A futuristic, science fiction television series, Star Trek, premiered Thursday evening September 8, 1966 on NBC-TV.
It began as a five-year mission to explore strange new worlds, to seek out new life and new civilizations; however, it boldly fell short by two years.
The series lasted three seasons, turning out 79 action-packed episodes, and creating a whole new science fiction fandom subculture called “Trekkies.”
Yes, I was a Trekkie.
Todays preferred description is Trekker, which I also favor.
Canadian actor William Shatner played the heroic protagonist, Captain James T. Kirk, who was born in Iowa during the 23rd century.
“It was just a television show,” Shatner said shortly after the series ended, during an appearance on “Saturday Night Live.”
We Trekkers knew it was much more than a television show.
The science fiction series ignited the imagination, and provided encouragement to the younger generation, who faithfully watched each week’s episode.
Some of these young viewers went on to become astronauts, engineers, scientists, doctors, nurses, and computer programmers.
“Star Trek” also influenced this moonlighting columnist, whose day job is in telecommunications.
The series reassured us things would turn out alright for humanity, that we would set aside our warring differences and work together; not “blow ourselves up with nuclear weapons.”
We could take a break from reality, and immerse ourselves inside each adventurous, hour-long “Star Trek” episode.
The show’s creator, Gene Roddenberry envisioned a “wagon train to the stars,” and hired excellent actors and writers with creative and imaginative minds to bring his dream into fruition on television.
After spending time over the years watching William Shatner speak and take questions during Star Trek conventions, reading the books he wrote, and seeing the independent films he created about “Star Trek,” I think he finally understands why the series was so popular.
In addition to the action, camaraderie, and relationships between the leading characters, some young viewers were inspired by the futuristic technology used onboard the starship USS Enterprise.
Many of these young minds worked to make “Star Trek” technology a reality.
For example, in the starship’s sickbay, a patient on a hospital bed would have their vital signs continuously monitored and shown on a display screen on the wall above their bed.
There were no physical arm cuffs, tubes, or wires connected to the patient.
Information on the display screen instantly informed Dr. McCoy or Nurse Chapel of the patient’s vital signs, and if they were within acceptable medical limits.
Recently, I discovered a medical device company called Hoana Medical located in Honolulu, HI, which makes the LifeBed Patient Vigilance System.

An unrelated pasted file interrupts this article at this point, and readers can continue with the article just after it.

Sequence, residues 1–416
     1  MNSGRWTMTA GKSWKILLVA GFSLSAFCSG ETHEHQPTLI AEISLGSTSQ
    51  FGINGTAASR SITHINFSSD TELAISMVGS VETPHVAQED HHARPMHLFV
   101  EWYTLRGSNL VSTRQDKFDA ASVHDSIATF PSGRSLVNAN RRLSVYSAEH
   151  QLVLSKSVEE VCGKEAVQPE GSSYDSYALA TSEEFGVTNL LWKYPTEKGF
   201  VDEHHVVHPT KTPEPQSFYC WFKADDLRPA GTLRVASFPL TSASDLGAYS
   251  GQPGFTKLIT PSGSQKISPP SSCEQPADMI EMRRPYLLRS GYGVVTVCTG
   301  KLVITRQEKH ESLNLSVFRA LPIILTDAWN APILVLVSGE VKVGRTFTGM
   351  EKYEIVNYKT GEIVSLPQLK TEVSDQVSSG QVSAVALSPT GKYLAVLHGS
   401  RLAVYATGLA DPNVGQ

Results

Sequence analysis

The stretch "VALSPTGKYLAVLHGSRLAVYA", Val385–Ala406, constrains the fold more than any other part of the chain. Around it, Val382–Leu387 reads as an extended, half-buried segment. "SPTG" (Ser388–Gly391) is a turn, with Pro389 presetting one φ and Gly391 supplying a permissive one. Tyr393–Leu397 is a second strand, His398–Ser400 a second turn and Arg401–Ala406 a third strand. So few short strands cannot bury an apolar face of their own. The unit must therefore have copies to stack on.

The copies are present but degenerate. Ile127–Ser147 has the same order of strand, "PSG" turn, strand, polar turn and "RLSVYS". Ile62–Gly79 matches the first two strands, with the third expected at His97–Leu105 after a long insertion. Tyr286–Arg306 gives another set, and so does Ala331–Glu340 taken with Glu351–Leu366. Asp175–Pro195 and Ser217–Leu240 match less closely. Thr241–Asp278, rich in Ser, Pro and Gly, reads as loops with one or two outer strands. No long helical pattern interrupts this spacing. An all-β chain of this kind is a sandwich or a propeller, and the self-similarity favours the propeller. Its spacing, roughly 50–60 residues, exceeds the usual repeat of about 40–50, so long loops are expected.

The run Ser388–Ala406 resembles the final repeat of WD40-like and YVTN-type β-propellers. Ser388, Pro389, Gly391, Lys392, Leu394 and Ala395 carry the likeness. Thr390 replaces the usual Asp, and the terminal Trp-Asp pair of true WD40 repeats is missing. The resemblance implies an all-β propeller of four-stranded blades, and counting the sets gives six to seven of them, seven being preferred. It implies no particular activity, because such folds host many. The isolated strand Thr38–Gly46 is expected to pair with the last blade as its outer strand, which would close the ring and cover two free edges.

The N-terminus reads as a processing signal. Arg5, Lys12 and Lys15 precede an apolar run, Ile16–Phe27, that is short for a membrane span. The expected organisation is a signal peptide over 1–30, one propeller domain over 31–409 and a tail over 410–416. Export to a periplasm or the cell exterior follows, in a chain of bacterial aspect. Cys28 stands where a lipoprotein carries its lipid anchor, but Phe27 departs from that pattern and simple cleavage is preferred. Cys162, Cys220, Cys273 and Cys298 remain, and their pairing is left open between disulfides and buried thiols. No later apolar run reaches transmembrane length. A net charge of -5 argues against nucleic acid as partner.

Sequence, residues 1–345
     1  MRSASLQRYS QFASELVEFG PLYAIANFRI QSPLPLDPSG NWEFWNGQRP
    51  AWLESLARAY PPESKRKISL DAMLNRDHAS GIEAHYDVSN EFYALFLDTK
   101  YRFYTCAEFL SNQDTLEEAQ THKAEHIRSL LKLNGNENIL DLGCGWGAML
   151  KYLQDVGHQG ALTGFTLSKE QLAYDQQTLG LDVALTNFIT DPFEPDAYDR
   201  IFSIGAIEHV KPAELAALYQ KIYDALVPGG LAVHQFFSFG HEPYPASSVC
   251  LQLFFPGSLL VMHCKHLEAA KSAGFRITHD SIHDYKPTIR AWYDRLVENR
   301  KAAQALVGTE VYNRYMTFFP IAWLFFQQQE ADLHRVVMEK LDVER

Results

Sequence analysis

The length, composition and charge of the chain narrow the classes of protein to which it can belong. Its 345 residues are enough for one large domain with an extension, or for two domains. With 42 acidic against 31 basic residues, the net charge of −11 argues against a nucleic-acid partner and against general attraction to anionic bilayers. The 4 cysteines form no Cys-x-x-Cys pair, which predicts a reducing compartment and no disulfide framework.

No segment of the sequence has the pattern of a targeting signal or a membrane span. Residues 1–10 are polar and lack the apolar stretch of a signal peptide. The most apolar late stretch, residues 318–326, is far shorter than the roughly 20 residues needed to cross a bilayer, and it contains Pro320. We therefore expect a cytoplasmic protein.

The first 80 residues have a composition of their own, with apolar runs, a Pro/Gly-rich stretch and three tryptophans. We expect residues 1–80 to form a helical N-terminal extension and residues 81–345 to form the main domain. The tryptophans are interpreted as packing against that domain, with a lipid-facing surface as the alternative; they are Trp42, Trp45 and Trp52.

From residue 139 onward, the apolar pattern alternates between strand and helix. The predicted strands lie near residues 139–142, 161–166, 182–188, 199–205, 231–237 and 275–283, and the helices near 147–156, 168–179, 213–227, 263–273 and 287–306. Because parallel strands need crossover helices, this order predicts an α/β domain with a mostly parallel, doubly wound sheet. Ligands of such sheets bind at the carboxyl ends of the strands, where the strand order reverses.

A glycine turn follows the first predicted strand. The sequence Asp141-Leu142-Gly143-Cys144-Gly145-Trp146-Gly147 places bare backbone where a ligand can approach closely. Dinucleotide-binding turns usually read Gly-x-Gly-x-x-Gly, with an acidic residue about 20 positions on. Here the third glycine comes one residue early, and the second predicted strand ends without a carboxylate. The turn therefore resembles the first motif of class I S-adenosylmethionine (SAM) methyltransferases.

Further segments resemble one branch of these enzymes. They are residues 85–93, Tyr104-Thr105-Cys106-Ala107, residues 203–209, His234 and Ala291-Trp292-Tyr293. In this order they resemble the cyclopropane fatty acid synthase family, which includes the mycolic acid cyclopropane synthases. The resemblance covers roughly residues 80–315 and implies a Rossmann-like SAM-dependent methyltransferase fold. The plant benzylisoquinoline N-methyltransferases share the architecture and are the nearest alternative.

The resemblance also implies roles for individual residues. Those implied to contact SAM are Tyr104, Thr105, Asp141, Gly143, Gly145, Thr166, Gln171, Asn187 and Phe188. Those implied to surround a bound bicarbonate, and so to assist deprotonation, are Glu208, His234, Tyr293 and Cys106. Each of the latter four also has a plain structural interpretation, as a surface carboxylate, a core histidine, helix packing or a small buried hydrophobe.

The LifeBed continuously tracks respiratory and heart rates without direct physical contact to the patient lying on the bed.
A patient’s vital signs are monitored via sensors embedded in the LifeBed’s mattress cover.
The medical vital signs are shown on a display screen positioned on the wall above the head of the patient just like on “Star Trek.”
If the patient’s heart or respiratory rate drifts outside of (adjustable) medical limits, the LifeBed will immediately alert medical personnel using the hospital’s notification system.
The LifeBed can also inform medical personnel whether the patient is in bed.
“To use the system, the patient simply lies on the bed. Within seconds, sensors embedded under a mattress coverlet start capturing signals generated by the patient even through bed linens and multiple layers of patient clothing. By tracking these signals, the system provides continuous vigilance, observing the patient when the nurse is away from the room,” According to Hoana Medical’s website.
The LifeBed with its display screen looks amazingly like the one used in the sickbay on “Star Trek.”
The website for the LifeBed is http://tinyurl.com/LifeBed.
This is just one of the many examples of “Star Trek” technology which have become a reality.
During a “Red Alert” condition on the bridge of the USS Enterprise NCC 1701, Captain Kirk, when fighting the Klingons or other hostiles, would occasionally give the order to: “Fire phasors!”
Today, the US Navy has successfully installed and operates a laser (phasor), called Laser Weapon System (LaWS) onboard the navy ship USS Ponce (AFSB (I) 15).
“We ran this particular weapon, a prototype, through some extremely tough paces, and it locked on and destroyed the targets we designated with near-instantaneous lethality,” said Rear Adm. Matthew L. Klunder, chief of naval research.
The US Navy expects the laser to be used on guided-missile destroyers and combats ships by 2023.
The laser will also be used with airborne and ground-based weapon systems fighter jets may be using them by 2020.
LaWS operates using electrical power.
The US Navy released an impressive video demonstration of LaWS in action at http://tinyurl.com/NavyPhasor.
We will need to wait a while for the transporter and warp drive to be invented; although sources tell me they are being worked on.
Congratulations “Star Trek” on your 50th anniversary.
I also want to shout-out a “happy birthday” to my brother, Mike.
Follow my journey through cyberspace via my @bitsandbytes Twitter user name.